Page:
Starting any business is difficult. Starting a farm-based business is even more so because of the low [profit] margins and the capital-intensive nature of the business, and so many variables that are beyond a farmer’s control. We have been very clear about our struggles, even documenting it throughout The Fabulous Beekman Boys TV show and our memoir, The Bucolic Plague. However, it is possible for small-scale farming to be a sustainable business model, but you really have to focus on listening to what the customer wants and being very in-tune and involved in your community. You also have to pay attention to the marketing trends that are being driven by larger entities and figure out how you can latch onto those movements. Lastly, value-added products are essential. How can you turn the low-margin product that you are growing or raising into a more valued product for the consumer?
Can you tell us a bit about the idea for your “Mortgage Lifter” plan? Where did it emerge from and where do you see it heading in the future?
The mortgage on Beekman Farm was like a noose around our neck. While we were growing our Beekman 1802 business to be profitable, it was still difficult to stay far enough ahead and still cover mortgage expenses. We were so blessed to have won The Amazing Race–a victory which we used to pay off our mortgage–and then wanted to do something to help other small farms with their mortgages. We’ve launched a line of products in which 25 percent of the profits will go to help small farms with proven and successful business models to pay down their mortgages. Our first products are in the tomato-sauce category (the heirloom Mortgage Lifter tomato being the namesake), but we eventually hope to expand that line across a wide range of [product]s similar to what Newman’s Own has done. All products will have the same philanthropic mission.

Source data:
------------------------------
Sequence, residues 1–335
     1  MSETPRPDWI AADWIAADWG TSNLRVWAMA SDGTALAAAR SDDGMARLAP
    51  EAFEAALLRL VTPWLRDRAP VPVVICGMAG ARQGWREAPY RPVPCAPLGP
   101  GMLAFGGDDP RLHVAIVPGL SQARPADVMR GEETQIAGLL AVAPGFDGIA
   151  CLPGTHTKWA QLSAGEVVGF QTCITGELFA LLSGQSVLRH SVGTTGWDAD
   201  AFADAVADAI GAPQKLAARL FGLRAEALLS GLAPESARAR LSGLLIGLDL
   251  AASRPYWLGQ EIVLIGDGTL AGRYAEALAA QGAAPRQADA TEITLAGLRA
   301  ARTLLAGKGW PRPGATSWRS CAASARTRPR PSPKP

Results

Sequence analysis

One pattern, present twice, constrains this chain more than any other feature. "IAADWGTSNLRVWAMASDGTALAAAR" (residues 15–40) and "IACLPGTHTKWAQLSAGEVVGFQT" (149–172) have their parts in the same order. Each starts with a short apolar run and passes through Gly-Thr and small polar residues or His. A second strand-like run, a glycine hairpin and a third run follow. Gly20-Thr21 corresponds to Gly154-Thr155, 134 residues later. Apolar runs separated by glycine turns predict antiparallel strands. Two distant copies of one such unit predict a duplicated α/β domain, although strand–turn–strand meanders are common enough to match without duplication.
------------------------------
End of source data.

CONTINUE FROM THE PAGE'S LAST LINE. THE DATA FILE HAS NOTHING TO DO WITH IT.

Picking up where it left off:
You are white collar NYC transplants who now live in rural upstate New York. What promise does Beekman Farm have for less privileged urban populations back in the city?
We like to say that Beekman Farm actually started on our rooftop in New York City. And it did. The first tomato crops we ever grew were on the 14th story of a building on the corner of 63rd Street and Third Avenue. It’s tremendously important for children, particularly those with disadvantaged backgrounds, to learn the difference between healthy foods and processed food.
What are some of the ways in which you minimize food and resource waste on the Farm?
Our ultimate goal at Beekman is to be biodynamic. It’s a lofty goal, and we will be working towards that for a long time, but the majority of our animals are pasture-fed, we have a large compost bin constructed in the base of an old grain silo that alternates as our pig pen (the pigs are natural diggers and help keep the compost turned), and we utilize both solar and wind energy
In short, how is what you are doing at the Beekman Farm changing our food system?
Right now, we raise or grow about 80 percent of all the food that we personally consume. If we can inspire a small number of Americans and communities to do even a fraction of that, it will make a huge impact.